The first 802.11ax routers arrive, with speeds of up to 11,000 Mbps

Can you imagine a router capable of transmitting up to 11,000 Mbps through WiFi networks? This is what the 802.11ax routers that are being introduced right now. Although there is not yet a specification or devices to take advantage of it.

Although cable networks remain the undisputed speed winners, WiFi networks they are getting faster. Protocols improve, and devices evolve over time. And all this means that we have ever faster devices, capable of downloading and sending data at ever faster speeds.

But what awaits us in the medium-term future makes current wireless networks seem slow. We are talking about 802.11ax, the technology with which our devices and routers will communicate in the future, and beware, it could be much closer than we think. So close that by the end of the year we would already have the first routers and devices.

These are the first D-Link 802.11ax routers

The news comes from CES 2018, the technology event that is held in Las Vegas every year. In it, manufacturers have already ventured to introduce the first 802.11ax routers. And the first brand to do it has been D-Link, who have presented two routers with technology.

The first model will be the AX6000 Ultra dual band, with theoretical speeds of up to 6,000 Mbps. But the impressive will come with the model AX11000 Ultra triple band, capable of reach 11,000 Mbps. To contrast it, 802.11n routers advertise theoretical WiFi speeds of up to 300 Mbps.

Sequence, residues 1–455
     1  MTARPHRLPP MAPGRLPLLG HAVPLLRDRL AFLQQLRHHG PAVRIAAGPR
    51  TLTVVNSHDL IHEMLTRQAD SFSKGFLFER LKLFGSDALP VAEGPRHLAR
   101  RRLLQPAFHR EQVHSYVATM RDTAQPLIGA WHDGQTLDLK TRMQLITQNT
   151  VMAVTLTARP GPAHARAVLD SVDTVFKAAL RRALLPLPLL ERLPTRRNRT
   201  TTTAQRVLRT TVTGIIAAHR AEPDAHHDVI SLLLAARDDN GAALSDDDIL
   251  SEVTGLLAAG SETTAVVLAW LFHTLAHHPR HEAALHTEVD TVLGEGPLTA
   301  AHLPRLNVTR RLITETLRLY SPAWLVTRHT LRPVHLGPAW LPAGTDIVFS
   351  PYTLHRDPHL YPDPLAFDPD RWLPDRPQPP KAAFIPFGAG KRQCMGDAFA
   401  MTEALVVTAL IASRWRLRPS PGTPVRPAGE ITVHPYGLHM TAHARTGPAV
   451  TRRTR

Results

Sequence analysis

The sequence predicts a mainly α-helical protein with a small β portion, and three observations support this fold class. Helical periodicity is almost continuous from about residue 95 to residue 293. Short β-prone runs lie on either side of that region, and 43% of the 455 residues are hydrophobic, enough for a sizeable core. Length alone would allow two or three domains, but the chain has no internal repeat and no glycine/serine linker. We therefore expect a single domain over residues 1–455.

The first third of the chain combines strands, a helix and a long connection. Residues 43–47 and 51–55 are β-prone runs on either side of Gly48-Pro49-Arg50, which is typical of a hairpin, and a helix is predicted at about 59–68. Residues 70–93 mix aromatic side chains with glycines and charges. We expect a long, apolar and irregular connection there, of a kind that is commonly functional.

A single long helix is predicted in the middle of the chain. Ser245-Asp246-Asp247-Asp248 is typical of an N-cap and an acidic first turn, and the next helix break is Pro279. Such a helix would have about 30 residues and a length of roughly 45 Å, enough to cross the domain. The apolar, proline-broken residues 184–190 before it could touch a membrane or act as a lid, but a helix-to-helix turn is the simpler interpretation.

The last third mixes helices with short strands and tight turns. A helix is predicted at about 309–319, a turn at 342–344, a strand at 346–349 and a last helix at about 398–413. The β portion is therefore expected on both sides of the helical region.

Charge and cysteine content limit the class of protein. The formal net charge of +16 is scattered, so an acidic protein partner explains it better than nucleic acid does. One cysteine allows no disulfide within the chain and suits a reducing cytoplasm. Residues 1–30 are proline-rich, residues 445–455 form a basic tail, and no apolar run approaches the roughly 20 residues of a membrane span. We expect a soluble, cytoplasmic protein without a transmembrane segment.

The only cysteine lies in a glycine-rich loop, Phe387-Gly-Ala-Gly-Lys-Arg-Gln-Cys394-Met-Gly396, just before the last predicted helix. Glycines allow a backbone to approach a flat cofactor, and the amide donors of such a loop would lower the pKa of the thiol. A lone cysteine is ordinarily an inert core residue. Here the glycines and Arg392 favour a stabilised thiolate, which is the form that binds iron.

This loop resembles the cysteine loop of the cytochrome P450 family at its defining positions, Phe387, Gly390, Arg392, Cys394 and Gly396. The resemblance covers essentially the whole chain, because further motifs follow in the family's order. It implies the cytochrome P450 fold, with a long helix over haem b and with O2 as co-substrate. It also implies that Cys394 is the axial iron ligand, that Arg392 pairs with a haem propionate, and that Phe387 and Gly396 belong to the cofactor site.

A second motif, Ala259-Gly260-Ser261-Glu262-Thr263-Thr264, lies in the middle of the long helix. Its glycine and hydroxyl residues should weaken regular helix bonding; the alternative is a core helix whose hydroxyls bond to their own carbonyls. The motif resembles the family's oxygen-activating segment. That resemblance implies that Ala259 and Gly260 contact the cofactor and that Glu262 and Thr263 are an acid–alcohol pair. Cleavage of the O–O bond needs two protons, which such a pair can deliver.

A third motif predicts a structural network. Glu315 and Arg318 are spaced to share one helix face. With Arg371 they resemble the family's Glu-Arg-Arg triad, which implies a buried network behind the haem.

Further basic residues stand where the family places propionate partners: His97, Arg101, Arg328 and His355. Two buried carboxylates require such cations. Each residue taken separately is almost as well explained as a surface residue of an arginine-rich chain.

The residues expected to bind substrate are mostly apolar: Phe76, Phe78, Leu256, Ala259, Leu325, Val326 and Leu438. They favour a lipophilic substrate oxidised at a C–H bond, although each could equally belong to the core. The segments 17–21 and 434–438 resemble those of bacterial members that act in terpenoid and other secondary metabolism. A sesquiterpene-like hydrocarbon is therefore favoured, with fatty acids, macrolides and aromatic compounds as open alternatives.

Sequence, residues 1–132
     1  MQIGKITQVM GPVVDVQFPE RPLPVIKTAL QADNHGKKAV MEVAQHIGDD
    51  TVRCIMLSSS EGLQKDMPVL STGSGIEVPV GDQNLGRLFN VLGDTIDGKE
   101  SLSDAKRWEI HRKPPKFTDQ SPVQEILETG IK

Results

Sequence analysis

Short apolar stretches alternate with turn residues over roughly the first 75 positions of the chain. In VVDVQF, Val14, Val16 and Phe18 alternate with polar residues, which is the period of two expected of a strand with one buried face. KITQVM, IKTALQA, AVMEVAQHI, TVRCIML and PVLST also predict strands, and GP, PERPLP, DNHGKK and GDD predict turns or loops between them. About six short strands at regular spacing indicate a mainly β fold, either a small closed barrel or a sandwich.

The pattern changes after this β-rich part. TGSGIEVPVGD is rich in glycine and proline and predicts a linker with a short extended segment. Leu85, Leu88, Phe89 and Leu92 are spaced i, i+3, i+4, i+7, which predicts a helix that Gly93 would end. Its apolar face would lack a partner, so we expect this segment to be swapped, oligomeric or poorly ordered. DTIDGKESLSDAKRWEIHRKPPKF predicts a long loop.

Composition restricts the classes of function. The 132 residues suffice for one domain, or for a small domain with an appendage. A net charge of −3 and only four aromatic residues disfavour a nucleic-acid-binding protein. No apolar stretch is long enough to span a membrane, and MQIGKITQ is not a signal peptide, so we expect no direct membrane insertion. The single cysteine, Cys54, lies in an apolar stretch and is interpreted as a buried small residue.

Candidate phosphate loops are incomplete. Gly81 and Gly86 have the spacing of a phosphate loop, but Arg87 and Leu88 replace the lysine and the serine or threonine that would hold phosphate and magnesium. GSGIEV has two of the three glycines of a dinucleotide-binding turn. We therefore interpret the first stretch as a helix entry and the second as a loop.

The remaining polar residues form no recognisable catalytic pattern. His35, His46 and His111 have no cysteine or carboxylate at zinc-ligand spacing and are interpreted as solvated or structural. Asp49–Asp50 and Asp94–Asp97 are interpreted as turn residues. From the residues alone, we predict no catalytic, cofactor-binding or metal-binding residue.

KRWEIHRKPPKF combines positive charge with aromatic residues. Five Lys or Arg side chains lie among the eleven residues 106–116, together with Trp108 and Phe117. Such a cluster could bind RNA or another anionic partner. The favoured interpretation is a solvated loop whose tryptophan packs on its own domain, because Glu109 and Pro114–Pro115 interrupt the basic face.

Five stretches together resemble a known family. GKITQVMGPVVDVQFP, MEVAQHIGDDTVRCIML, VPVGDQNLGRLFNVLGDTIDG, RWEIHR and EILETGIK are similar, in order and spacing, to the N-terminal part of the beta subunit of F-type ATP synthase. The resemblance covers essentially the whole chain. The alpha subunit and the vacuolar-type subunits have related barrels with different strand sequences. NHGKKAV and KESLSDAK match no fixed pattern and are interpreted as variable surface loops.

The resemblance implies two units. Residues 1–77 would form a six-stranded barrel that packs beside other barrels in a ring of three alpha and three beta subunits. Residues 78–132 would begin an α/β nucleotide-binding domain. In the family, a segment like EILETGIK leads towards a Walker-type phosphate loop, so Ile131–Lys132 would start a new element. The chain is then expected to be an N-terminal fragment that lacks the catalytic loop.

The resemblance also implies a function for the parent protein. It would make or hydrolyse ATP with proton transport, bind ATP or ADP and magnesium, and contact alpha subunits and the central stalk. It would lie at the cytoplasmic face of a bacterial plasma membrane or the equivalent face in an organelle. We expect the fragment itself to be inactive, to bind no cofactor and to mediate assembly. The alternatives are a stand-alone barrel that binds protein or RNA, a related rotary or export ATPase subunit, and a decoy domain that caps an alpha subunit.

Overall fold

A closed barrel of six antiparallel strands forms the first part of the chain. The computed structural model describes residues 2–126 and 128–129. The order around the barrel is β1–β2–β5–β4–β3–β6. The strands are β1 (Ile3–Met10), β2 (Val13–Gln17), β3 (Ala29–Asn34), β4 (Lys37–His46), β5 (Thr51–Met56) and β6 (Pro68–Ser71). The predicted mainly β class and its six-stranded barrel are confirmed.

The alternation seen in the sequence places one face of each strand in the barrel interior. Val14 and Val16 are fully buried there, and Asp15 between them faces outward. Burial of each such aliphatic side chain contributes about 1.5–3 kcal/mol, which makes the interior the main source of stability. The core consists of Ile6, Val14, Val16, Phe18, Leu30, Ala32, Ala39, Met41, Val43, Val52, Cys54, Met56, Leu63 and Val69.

The downside is that D-Link is not wet in terms of prices and availability. He hasn't announced any of that, leaving a mysterious second half of 2018 as the release date. We will have to wait to see these speeds in action.

And, actually, this makes a lot of sense. There are still no devices capable of working at these speeds, and even the WiFi Alliance estimates that We won't see 802.11ax networks in operation until 2019. Still, that hasn't stopped manufacturers like Qualcomm or Intel from announcing the availability of the chips, according to The Verge.

No 802.11ax until 2019, unfortunately

In any case, it helps to know that manufacturers will be up-to-date with the fastest connection speeds. 802.11ax routers will not only be faster; they will also be able to control more devices at the same time efficiently.

Something essential when we have more and more connected devices, and when the Internet of Things is strongly imposed. Now it only remains for the connections and our devices to catch up.